Adventure Cycling Association Forum

Bicycle Travel => General Discussion => Topic started by: BikeFreak on February 15, 2012, 04:13:06 pm

 
Title: Which sunscreen?
Post by: BikeFreak on February 15, 2012, 04:13:06 pm
Hi,

As part of my tour across on the TA I will of course need plenty of sunscreen.

Reading the back label of common sunscreen is a full list of chemicals which sound very toxic and harmful.

Are there any good brands available in common super markets like Safeway, Walmart etc. By good I mean sunscreens which have a low level of harmful chemicals - something organic maybe?

Lucas

Title: Re: Which sunscreen?
Post by: johnsondasw on February 15, 2012, 05:35:54 pm
I don't know about organic sunscreens or any of that.  I just bring SPF 30 or above and use it on face, arms, legs and don't forget back of the neck.  I don't have a particular brand and just get what looks like the best deal. 
Title: Re: Which sunscreen?
Post by: Pat Lamb on February 15, 2012, 05:58:55 pm
Long sleeves are the "safest" -- unless you're on the verge of heat stroke.  Titanium dioxide is probably next in line, except it needs some goop to make it stick to your skin.

I prefer gels, partly because I could never rub the creams into my skin so they didn't look like I was a leper.  Apply twice daily to start, once daily after you've got a nice tan, and wash off at night.
Title: Re: Which sunscreen?
Post by: George Mc on February 15, 2012, 06:08:33 pm
UP and UP from Target, got pretty good ratings.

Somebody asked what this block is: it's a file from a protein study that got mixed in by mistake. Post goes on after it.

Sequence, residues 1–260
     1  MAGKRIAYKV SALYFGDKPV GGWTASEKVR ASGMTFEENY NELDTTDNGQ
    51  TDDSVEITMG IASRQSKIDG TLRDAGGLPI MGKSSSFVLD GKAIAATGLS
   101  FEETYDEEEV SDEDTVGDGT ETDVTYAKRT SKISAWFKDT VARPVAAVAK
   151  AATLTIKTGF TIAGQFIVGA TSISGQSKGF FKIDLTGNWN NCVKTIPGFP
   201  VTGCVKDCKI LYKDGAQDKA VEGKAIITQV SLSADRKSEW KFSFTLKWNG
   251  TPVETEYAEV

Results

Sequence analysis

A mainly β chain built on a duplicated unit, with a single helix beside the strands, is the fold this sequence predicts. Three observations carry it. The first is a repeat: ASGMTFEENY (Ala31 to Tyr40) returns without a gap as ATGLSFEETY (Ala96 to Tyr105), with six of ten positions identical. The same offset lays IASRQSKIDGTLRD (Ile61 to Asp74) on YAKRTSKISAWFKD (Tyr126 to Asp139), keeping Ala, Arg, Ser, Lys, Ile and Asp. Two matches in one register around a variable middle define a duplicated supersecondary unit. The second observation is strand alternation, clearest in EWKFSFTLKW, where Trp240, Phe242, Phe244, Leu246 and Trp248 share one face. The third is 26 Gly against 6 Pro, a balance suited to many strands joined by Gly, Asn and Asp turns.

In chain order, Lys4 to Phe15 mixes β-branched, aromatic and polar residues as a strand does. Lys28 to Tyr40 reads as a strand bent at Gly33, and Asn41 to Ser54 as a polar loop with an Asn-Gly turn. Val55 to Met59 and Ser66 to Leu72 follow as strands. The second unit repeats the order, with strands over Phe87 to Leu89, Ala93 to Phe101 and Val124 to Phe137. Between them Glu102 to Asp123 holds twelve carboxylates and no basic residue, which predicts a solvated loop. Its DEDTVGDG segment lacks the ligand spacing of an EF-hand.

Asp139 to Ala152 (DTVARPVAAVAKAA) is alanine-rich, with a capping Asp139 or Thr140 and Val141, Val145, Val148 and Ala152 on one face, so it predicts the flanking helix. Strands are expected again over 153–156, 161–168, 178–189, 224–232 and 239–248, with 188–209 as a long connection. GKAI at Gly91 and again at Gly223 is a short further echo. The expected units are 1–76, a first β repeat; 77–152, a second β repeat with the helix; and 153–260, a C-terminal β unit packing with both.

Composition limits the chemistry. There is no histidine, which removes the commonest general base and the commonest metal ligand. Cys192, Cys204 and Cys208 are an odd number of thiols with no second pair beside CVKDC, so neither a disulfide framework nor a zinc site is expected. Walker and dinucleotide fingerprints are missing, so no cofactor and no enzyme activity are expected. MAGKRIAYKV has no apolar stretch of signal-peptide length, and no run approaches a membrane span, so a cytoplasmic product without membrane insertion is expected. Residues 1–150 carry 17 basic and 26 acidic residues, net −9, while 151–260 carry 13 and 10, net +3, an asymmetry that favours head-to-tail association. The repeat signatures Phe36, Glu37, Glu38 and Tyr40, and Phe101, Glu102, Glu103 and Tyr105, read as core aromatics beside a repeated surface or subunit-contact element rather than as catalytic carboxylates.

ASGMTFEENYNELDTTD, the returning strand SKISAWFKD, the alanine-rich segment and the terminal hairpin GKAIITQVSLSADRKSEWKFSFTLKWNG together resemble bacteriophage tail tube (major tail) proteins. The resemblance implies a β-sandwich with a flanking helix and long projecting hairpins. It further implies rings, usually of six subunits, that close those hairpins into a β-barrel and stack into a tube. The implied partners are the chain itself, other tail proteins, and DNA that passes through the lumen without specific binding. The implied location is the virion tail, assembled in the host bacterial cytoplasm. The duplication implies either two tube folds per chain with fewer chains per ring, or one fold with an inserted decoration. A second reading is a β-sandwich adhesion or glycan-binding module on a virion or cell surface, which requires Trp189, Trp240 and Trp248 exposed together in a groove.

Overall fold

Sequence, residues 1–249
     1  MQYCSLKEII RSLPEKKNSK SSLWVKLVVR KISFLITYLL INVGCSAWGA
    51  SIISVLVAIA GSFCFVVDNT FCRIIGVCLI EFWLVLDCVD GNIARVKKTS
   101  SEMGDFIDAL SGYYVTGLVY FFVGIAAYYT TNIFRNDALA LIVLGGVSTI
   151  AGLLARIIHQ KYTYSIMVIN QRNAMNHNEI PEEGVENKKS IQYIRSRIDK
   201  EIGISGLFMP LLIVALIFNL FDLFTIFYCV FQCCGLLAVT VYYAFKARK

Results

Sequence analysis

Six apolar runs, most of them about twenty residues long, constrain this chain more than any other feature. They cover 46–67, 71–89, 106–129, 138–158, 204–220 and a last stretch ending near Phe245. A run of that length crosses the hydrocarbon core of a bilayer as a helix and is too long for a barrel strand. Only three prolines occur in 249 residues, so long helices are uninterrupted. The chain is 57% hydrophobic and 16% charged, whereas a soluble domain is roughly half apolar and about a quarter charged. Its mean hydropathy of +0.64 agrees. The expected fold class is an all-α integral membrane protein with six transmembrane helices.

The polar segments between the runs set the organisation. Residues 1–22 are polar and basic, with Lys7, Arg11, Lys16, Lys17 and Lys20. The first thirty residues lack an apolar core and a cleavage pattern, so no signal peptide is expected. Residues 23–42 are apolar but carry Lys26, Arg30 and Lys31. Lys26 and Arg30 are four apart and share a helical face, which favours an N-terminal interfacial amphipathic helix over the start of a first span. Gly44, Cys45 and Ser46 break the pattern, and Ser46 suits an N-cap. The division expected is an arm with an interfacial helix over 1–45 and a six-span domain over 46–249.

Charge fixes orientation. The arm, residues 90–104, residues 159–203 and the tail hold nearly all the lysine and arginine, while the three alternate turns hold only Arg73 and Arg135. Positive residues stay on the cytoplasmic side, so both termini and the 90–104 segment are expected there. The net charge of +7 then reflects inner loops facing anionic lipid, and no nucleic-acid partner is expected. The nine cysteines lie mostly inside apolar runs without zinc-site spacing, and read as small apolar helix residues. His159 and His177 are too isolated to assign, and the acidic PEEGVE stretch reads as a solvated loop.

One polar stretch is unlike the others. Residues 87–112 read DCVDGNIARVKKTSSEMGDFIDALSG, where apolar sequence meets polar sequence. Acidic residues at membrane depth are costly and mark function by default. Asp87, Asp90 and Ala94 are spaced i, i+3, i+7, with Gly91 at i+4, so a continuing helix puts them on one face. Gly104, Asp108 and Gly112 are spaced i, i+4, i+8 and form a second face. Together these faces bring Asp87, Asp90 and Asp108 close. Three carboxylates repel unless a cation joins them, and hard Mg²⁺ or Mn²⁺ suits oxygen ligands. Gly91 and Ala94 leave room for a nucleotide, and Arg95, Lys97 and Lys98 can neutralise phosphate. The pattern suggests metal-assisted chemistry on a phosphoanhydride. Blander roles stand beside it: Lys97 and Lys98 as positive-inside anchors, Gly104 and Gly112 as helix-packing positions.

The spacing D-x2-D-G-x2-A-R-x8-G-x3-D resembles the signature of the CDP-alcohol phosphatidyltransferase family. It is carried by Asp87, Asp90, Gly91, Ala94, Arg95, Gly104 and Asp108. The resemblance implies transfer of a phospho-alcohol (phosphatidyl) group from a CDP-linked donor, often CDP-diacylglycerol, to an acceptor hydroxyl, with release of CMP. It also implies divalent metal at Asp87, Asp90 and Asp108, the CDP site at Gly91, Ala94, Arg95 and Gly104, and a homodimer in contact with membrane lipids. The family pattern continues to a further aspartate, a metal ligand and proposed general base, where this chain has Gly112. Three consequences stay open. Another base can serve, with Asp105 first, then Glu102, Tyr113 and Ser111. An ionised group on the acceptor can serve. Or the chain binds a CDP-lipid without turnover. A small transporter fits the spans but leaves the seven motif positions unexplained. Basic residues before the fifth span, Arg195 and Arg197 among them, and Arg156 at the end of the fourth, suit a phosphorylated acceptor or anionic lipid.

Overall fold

Title: Re: Which sunscreen?
Post by: litespeed on February 15, 2012, 06:18:20 pm
I've degraded the skin on my forearms from touring in tee shirts. To keep it from getting any worse I now wear Under Armour long sleeve jerseys whenever I'm on my bike. I don't bother with sunscreen as it seems almost impossible to put enough on to really do any good.
Title: Re: Which sunscreen?
Post by: peterharris on February 15, 2012, 08:17:17 pm
REI sells several long-sleeve button-front and t-shirts ranging from UPF 15 up to UPF 50. These would have the advantage of almost total torso and arm coverage when you need it plus the ability to roll or slide the sleeves up if you wanted to. They're not cheap but they're not terribly expensive either. If you're pretty much dead-set against slathering yourself with regular sunscreen, this might be an option to consider. And REI is having a sale right now so you might be able to find something at a great price.

I'm sure there are many other places besides REI that would carry these UPF protective shirts.
Title: Re: Which sunscreen?
Post by: crosari2 on February 16, 2012, 08:56:43 am
I use "No-Ad" rated at 45UPF. Recommended by Men's Health Journal. Very inexpensive and you can find it at some of the chain drugstores like Walgreens. Also, Performance and Nashbar sell long sleeve jerseys rated at 30 and 50 UPF at about $35 each.
Title: Re: Which sunscreen?
Post by: DaveB on February 16, 2012, 09:56:12 am
Reading the back label of common sunscreen is a full list of chemicals which sound very toxic and harmful.

Are there any good brands available in common super markets like Safeway, Walmart etc. By good I mean sunscreens which have a low level of harmful chemicals - something organic maybe?
Lucas
Those chemicals which "sound very toxic and harmful" aren't.  They work and are safe. There are some sunscreens that claim to be "organic" but are generally ineffective and why is "organic" automatically assumed to be safe?
Title: Re: Which sunscreen?
Post by: hem on February 16, 2012, 11:55:22 am
Neutrogena helioplex 70 spf

Title: Re: Which sunscreen?
Post by: Patco on February 16, 2012, 12:16:12 pm
My dermatologist suggested using Coppertone Sport SPF 50 (he said anything over SPF 30), and using the stick for around the eyes because it doesn't run. I apply once in the morning and reapply once midday. I have never had a problem finding Coppertone when on the road.